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The War Behind the Lines

34d. The Southern Homefront

In the Hospital, 1861
William Ludwell Sheppard
In the Hospital, 1861, is a tribute to Southern nurses. Civil War nurses were sometimes called "angels of the battlefield," working long hours to heal and comfort wounded and dying soldiers.

After the initial months of the war, the South was plagued with shortages of all kinds. It started with clothing. As the first winter of the war approached, the Confederate army needed wool clothing to keep their soldiers warm. But the South did not produce much wool and the Northern blockade prevented much wool from being imported from abroad. People all over the South donated their woolens to the cause. Soon families at home were cutting blankets out of carpets.

Almost all the shoes worn in the South were manufactured in the North. With the start of the war, shipments of shoes ceased and there would be few new shoes available for years. The first meeting of Confederate and Union forces at Gettysburg arose when Confederates were investigating a supply of shoes in a warehouse.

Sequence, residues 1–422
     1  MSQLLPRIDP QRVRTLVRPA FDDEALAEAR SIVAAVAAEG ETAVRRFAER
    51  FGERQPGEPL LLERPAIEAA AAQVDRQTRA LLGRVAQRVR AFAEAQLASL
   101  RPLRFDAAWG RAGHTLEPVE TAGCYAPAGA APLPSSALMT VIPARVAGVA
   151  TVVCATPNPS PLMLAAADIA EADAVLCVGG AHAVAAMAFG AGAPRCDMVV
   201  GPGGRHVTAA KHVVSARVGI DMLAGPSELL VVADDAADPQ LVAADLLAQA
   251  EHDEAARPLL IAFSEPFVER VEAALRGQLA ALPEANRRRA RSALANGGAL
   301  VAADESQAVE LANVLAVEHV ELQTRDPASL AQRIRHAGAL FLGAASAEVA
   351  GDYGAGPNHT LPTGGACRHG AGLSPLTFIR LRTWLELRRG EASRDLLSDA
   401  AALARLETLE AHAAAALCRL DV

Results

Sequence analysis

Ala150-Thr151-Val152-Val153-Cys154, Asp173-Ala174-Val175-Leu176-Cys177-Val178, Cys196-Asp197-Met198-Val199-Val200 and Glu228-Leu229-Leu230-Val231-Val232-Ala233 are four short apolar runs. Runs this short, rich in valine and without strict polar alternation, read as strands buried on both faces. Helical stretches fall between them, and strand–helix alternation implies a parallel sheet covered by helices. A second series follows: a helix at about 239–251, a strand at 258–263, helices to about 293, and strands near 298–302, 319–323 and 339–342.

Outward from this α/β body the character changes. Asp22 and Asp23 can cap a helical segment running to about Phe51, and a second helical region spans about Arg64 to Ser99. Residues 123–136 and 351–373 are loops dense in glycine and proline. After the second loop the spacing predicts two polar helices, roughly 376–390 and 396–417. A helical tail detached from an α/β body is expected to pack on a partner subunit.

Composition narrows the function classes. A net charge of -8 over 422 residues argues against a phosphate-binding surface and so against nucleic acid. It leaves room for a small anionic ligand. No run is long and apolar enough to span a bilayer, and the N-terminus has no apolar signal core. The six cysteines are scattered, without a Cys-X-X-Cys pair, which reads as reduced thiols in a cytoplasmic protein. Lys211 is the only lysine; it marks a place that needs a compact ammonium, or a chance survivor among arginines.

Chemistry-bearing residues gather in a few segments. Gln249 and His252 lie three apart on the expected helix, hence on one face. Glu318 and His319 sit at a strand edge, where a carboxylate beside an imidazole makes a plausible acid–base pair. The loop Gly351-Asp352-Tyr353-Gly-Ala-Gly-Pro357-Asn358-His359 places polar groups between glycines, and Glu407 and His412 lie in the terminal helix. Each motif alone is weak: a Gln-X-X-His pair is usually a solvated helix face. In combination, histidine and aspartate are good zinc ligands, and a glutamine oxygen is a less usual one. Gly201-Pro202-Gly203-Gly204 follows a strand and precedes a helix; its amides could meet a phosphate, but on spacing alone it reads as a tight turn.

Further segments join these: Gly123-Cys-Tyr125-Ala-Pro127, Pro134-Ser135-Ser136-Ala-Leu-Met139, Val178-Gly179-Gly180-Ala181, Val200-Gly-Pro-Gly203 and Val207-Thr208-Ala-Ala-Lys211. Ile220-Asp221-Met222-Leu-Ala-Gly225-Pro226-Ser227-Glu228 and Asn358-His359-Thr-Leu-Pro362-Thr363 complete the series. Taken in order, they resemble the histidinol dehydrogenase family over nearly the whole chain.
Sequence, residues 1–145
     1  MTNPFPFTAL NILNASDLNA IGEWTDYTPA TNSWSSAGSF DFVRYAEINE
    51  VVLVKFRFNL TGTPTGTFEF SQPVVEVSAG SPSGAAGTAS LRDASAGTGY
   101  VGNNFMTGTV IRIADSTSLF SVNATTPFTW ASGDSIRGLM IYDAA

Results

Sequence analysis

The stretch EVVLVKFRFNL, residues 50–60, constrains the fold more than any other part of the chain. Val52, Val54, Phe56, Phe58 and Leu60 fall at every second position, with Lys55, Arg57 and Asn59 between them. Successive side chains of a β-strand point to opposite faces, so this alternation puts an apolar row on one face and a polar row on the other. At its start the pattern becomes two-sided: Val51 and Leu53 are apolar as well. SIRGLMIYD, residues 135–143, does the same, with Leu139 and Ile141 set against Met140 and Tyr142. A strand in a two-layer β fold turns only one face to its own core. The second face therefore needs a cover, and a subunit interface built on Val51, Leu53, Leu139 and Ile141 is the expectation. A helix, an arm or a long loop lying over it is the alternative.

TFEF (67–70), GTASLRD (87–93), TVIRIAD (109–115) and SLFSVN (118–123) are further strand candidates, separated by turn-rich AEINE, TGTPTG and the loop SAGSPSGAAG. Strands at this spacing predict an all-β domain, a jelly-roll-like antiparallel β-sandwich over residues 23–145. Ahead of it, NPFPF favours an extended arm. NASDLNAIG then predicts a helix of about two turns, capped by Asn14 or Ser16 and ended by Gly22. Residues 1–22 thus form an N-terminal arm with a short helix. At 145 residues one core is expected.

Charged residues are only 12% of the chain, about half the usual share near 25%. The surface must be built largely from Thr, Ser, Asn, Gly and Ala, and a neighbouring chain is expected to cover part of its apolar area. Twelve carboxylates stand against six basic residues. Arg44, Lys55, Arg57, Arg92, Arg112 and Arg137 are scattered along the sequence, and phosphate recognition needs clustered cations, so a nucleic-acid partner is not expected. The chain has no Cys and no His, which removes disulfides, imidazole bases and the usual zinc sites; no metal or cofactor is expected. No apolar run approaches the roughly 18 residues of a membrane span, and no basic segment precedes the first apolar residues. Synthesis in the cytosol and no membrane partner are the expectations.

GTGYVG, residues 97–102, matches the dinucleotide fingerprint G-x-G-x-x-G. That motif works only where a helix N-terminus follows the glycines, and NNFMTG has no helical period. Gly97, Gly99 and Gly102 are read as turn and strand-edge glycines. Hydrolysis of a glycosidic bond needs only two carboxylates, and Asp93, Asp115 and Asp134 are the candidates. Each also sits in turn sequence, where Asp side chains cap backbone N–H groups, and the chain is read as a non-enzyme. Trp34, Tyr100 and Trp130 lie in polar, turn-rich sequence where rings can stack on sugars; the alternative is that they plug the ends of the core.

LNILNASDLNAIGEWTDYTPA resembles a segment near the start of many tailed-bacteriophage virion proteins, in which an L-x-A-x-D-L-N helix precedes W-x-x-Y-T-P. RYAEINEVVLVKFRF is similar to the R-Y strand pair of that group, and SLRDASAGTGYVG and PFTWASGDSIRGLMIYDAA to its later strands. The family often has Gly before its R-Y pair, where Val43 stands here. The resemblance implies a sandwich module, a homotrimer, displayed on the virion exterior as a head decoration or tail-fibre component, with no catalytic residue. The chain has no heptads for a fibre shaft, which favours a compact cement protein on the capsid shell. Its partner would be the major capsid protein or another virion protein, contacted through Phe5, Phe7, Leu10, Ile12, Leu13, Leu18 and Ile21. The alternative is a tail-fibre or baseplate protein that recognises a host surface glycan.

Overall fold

Confederate Money
By the end of the Civil War, Confederate money wasn't worth the paper it was printed on.

Money was another problem. The South's decision to print more money to pay for the war simply led to unbelievable increases in price of everyday items. By the end of 1861, the overall rate of inflation was running 12% per month. For example, salt was the only means to preserve meat at this time. Its price increased from 65¢ for a 200 pound bag in May 1861 to $60 per sack only 18 months later. Wheat, flour, corn meal, meats of all kinds, iron, tin and copper became too expensive for the ordinary family. Profiteers frequently bought up all the goods in a store to sell them back at a higher price. It was an unmanageable situation. Food riots occurred in Mobile, Atlanta and Richmond. Over the course of the war, inflation in the South caused prices to rise by 9000%.

Bread Riots